Christmas Tree

The first of two poems I’ll include today is supposed to look like a Christmas tree. It has nine lines with each line having more syllables than the last. In the second poem, I talk about how the creation of the first poem triggered a memory of a school Christmas craft project that didn’t turn out quite right. Both poems are from my new book, How to Build a Better Mousetrap: Recollections and Reflections of a Family Caregiver

On A Summer Evening

surrounds me.
Crickets chirp their
evening serenade.
I lie awake, listen
to the night outside the panes.
I finally close my eyes and drift,
lulled by the crickets’ songs, the breezes.

I Admire My Handiwork

The poem contains nine lines,
each with one more syllable than the last.
It looks like a Christmas tree.
I’m transported back to my fifth grade classroom
in a school for children with visual impairments.

I’m pasting pop bottle tops to a piece of red felt
in nine rows, each containing more lids than the last.
But the rows are jagged.
“It’s supposed to look like a Christmas tree,” says Mrs. Jones.
“Don’t you know what a Christmas tree looks like?”

Almost fifty years later,
I stare in amazement at my computer screen
where I’ve managed to form a perfect Christmas tree out of words.

What do you remember about having a Christmas tree in your home? Did Dad go out in the forest to find just the right tree, or did you all pile into the family station wagon and drive to a nearby lot? Did you use homemade or store-bought decorations? Did your tree have a star or angel on top? Who was given the honor of putting that star or angel on top of the tree? Please e-mail me or share your memories below.

Here’s a Christmas medley to get you thinking about that memorable Christmas tree. This link will be available for at least a couple of days.

Abbie Johnson Taylor, Author of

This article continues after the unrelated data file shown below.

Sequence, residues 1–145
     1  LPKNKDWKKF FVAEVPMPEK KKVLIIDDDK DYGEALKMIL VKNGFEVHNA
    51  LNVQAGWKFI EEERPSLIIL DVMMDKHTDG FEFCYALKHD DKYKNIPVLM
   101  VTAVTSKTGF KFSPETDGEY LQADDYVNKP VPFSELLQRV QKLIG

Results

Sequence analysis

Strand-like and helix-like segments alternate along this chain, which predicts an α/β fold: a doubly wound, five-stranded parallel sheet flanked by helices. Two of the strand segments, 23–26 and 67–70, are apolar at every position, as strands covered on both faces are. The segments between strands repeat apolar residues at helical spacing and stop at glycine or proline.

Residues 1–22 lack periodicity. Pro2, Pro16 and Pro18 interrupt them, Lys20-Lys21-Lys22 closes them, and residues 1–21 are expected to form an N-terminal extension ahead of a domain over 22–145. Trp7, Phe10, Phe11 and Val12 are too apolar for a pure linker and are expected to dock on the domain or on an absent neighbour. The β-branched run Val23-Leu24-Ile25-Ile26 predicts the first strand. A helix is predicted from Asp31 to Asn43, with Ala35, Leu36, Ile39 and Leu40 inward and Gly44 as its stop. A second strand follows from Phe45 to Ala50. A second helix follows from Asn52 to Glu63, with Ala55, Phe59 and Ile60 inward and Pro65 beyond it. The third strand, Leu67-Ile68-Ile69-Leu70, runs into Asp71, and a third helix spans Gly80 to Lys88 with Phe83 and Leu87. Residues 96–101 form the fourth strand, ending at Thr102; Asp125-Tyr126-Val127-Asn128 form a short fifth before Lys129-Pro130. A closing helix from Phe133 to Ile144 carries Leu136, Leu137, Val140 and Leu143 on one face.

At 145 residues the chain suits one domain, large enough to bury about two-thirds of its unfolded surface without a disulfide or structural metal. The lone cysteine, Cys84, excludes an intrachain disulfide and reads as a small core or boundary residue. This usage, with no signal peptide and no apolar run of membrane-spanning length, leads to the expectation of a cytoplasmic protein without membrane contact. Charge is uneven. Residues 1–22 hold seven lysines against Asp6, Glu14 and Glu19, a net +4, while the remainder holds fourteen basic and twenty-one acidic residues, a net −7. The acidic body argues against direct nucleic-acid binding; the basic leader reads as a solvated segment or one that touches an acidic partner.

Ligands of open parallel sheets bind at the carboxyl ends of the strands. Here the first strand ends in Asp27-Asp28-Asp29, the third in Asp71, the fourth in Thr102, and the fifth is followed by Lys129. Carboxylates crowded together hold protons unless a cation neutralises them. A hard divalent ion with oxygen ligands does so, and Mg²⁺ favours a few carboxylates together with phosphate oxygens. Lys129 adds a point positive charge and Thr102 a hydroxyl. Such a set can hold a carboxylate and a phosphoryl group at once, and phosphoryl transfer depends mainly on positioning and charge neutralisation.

We Shall Overcome
How to Build a Better Mousetrap: Recollections and Reflections of a Family Caregiver

Author: abbiejohnsontaylor

I'm the author of two novels,, two poetry collections, and a memoir. My work has appeared in various journals and anthologies. I'm visually impaired and live in Sheridan, Wyoming, where for six years, I cared for my totally blind late husband who was paralyzed by two strokes. Please visit my website at

2 thoughts on “Christmas Tree”

  1. Christmas memories come to mind each year and the tree we had as children was so pitiful looking I feel sad when I see pictures of our Christmas Trees. My brother took my sister and me to the woods and he cut down a pine tree. Pines are not shaped like the firs and conical shaped trees grown in the north. Our little pine trees were fat and round with widely spaced limbs. Our decorations were handmade paper chains and remnants of colored balls from the past. But in our eyes it was beautiful, especially with lights. And I still see the lovely baby dolls arranged so nicely under the straggly tree, put there with deepest love for us, her children. What I'd give to have another Christmas with my mother. Like you, I remember her at Christmas which was even more special because my mother and her sister had birthdays on December 23.Like you Abby, my circle is small now. Just my sister, her husband and me to open presents under a beautifully decorated fir tree. A bitter-sweet time for sure.


  2. Hi Glenda, thank you for sharing your memories. I don't think it matters whether your tree is a pine or a fur or if your decorations are homemade or store-bought as long as you do something special to celebrate the holiday. I hope you have a good one, even if it is just the three of you.


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